Wednesday, January 7, 2009

A Visit to Franco Alessandrini’s Studio

When I visited New Orleans with my book club in October 2007, we had the great pleasure of meeting up with several of my husband’s of relatives who live there. One evening, a couple of us went to visit Franco Alessandrini and his family for cocktail hour on the roof top of his studio home.

Franco is an internationally-known artist who has produced many public works around the world. He was born near Florence, Italy but came to live in New Orleans when he was the artist in residence for the World’s fair in 1984.

When we arrived at their home, Franco and his wife gave us a tour of the small storefront on the ground floor. I immediately recognized the centerpiece of the space, a model of the Monument to the Immigrants:

It is quite beautiful in this scale; I like how you can easily walk around the entire sculpture and see all features without having to crane your neck. The full-sized, marble statue is now installed on the riverfront near the Aquarium of the Americas in New Orleans where most immigrants actually first set foot on solid American ground.

This is how Franco describes the monument:

At the turn of the century many Italian immigrants came to this country, a large number of them through the port of New Orleans. This monument will commemorate and honor those who left their country to find something better for their future as well as their children's. The female muse is a symbol of hope in different civilizations. The star she holds represents guidance to the explorer toward his desire to find a new place and to achieve his dreams. Her gown, an inspirational and spiritual presence, flows over the figures of four immigrants forming a family nucleus. In each of their faces one can see the grim determination and courage they must have had to leave behind everything they knew. These people are being rendered from real photographs of their time to capture the proper wardrobe, detail and, most of all, the look in their eyes.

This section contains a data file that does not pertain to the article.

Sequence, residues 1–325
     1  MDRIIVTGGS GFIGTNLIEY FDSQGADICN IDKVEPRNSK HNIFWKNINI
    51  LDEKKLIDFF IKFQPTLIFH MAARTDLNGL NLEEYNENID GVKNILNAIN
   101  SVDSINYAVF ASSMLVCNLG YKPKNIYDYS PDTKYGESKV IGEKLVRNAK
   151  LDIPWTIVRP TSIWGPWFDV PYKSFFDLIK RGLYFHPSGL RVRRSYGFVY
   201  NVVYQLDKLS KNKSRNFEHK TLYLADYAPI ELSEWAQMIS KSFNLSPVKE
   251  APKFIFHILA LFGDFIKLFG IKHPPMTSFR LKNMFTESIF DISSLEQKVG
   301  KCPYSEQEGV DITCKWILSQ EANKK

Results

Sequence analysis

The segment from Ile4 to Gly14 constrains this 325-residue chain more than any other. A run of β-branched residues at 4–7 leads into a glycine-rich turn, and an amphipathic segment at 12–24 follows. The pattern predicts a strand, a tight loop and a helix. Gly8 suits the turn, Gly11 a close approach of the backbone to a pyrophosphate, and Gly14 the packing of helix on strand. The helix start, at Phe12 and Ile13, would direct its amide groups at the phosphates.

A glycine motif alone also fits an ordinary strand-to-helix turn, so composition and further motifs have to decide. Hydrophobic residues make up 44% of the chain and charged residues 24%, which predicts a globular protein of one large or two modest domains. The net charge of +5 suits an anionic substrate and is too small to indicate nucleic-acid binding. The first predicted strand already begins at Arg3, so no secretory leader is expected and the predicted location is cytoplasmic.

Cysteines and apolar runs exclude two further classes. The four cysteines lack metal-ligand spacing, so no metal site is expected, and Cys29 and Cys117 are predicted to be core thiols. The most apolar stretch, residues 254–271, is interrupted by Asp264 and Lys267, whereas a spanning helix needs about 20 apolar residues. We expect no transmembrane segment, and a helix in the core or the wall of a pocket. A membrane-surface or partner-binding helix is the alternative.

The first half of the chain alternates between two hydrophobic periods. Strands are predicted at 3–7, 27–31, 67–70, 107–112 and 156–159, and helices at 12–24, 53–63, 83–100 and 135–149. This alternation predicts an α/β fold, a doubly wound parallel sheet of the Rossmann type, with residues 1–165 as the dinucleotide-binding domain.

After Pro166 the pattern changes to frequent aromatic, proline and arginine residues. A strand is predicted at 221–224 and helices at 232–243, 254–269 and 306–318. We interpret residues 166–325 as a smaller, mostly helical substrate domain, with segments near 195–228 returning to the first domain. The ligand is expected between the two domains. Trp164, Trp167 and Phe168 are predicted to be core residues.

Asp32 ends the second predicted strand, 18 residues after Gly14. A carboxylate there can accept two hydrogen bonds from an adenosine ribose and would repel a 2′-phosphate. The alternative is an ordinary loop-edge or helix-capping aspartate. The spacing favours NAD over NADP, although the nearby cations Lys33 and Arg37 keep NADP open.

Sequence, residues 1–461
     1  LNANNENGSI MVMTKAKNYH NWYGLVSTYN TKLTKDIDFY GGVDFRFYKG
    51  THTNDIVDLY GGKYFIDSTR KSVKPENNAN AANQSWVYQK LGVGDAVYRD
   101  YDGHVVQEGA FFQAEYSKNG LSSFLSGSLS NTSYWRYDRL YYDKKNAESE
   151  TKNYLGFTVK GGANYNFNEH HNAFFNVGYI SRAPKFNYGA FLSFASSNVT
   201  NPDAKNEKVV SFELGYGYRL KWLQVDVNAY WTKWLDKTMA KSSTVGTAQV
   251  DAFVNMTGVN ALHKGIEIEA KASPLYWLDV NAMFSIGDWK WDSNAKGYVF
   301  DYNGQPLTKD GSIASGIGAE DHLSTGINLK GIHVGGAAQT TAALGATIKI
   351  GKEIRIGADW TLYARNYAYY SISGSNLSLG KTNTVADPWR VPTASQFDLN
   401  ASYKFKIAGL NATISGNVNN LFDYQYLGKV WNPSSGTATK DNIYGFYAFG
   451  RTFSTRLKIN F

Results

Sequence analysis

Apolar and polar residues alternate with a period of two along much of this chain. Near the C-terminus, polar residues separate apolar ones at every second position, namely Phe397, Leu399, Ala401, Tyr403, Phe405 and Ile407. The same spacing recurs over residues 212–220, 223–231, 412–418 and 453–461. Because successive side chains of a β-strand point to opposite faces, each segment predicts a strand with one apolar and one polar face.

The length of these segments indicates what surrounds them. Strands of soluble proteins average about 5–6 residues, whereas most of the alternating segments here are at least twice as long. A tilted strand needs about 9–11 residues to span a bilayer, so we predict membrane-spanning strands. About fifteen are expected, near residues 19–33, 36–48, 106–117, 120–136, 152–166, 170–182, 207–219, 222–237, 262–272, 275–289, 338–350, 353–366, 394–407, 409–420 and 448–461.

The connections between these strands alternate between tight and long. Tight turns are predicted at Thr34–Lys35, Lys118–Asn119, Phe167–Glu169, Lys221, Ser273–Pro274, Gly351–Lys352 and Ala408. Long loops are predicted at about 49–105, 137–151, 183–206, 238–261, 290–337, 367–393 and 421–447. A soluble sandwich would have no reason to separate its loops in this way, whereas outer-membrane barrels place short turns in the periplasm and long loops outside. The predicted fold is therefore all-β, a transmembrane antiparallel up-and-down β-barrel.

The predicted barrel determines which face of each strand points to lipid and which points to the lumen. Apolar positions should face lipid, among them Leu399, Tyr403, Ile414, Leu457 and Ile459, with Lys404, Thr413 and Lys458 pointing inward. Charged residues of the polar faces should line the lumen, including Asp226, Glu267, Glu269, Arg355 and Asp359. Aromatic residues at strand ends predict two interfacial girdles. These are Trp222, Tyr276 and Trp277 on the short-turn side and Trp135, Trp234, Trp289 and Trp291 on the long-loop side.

Being an immigrant myself, I’m always moved when I see this sculpture. It perfectly captures the ambivalence we felt when we set foot in New York in 1966. It did take a great leap of courage and determination for my parents to once again leave everything behind in hopes of a better future, yet we are still draped by the influence of our muse who points to our past experiences in the Netherlands and Indonesia.
On the mantle nearby, I noticed this sculpture and fell in love with it:
I admire how he celebrated and honored the jazz musicians of New Orleans:

Next we were invited upstairs to his studio where he was working on a plant series.

Right next to the studio is a lovely rooftop garden where we joined Franco and his family and friends for cocktails and hors d’oevres. They personify the image of Southern hospitality, both of the American and European varieties.

After drinks, to our great surprise and delight, Franco and his wife presented each of us with a poster of the Louisiana Alphabet he created. In 1984, it was declared the official alphabet by the governor.

Next time, I will tell you about some of Franco’s other works of art and show you what now graces his rooftop.